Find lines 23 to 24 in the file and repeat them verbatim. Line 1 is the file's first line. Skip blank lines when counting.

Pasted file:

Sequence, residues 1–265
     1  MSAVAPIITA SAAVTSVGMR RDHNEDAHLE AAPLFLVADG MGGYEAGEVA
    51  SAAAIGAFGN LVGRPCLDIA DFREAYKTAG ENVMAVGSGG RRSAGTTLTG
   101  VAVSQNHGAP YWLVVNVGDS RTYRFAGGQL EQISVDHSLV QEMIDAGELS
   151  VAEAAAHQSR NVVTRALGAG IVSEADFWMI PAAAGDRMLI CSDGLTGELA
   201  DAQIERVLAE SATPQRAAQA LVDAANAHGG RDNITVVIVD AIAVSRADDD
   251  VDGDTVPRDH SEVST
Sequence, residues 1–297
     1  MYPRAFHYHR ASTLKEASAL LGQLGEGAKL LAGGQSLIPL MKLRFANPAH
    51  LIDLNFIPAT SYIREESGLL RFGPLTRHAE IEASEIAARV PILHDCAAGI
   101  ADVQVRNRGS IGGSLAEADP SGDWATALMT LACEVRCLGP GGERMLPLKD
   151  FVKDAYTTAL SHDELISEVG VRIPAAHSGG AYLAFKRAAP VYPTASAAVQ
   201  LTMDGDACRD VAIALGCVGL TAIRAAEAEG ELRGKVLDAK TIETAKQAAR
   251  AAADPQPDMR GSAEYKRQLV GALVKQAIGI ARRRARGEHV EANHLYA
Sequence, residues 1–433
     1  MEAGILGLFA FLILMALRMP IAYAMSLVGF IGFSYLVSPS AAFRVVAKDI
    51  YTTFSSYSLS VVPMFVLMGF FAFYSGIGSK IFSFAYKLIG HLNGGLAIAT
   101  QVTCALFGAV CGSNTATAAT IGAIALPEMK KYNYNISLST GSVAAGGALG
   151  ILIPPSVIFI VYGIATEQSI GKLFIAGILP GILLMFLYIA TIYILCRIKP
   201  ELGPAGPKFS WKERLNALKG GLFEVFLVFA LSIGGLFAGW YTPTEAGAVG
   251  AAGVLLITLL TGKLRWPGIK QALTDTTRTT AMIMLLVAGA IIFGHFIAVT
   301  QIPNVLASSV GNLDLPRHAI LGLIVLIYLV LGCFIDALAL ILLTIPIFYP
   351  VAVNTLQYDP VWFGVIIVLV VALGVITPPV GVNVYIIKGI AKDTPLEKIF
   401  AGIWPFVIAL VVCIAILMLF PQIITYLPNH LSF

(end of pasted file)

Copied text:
   351  VAVNTLQYDP VWFGVIIVLV VALGVITPPV GVNVYIIKGI AKDTPLEKIF
   401  AGIWPFVIAL VVCIAILMLF PQIITYLPNH LSF